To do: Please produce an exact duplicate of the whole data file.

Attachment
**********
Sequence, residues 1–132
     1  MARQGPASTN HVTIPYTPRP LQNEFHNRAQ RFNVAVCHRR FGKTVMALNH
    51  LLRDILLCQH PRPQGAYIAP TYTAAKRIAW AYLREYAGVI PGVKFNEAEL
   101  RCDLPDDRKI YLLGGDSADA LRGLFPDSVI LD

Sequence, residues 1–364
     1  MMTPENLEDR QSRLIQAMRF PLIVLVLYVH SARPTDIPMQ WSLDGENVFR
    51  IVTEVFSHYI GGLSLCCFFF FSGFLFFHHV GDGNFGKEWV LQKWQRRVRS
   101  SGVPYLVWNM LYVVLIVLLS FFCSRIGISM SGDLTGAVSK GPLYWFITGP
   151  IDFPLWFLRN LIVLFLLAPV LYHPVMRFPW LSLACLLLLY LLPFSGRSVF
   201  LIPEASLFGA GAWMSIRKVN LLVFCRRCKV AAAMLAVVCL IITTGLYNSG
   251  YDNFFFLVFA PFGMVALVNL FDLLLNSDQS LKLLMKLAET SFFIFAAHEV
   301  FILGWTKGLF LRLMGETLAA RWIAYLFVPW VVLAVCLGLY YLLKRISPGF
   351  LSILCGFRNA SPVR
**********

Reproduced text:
Sequence, residues 1–132
     1  MARQGPASTN HVTIPYTPRP LQNEFHNRAQ RFNVAVCHRR FGKTVMALNH
    51  LLRDILLCQH PRPQGAYIAP TYTAAKRIAW AYLREYAGVI PGVKFNEAEL
   101  RCDLPDDRKI YLLGGDSADA LRGLFPDSVI LD

Sequence, residues 1–364
     1  MMTPENLEDR QSRLIQAMRF PLIVLVLYVH SARPTDIPMQ WSLDGENVFR
    51  IVTEVFSHYI GGLSLCCFFF FSGFLFFHHV GDGNFGKEWV LQKWQRRVRS
   101  SGVPYLVWNM LYVVLIVLLS FFCSRIGISM SGDLTGAVSK GPLYWFITGP
   151  IDFPLWFLRN LIVLFLLAPV LYHPVMRFPW LSLACLLLLY LLPFSGRSVF
   201  LIPEASLFGA GAWMSIRKVN LLVFCRRCKV AAAMLAVVCL IITTGLYNSG
   251  YDNFFFLVFA PFGMVALVNL FDLLLNSDQS LKLLMKLAET SFFIFAAHEV
   301  FILGWTKGLF LRLMGETLAA RWIAYLFVPW VVLAVCLGLY YLLKRISPGF
   351  LSILCGFRNA SPVR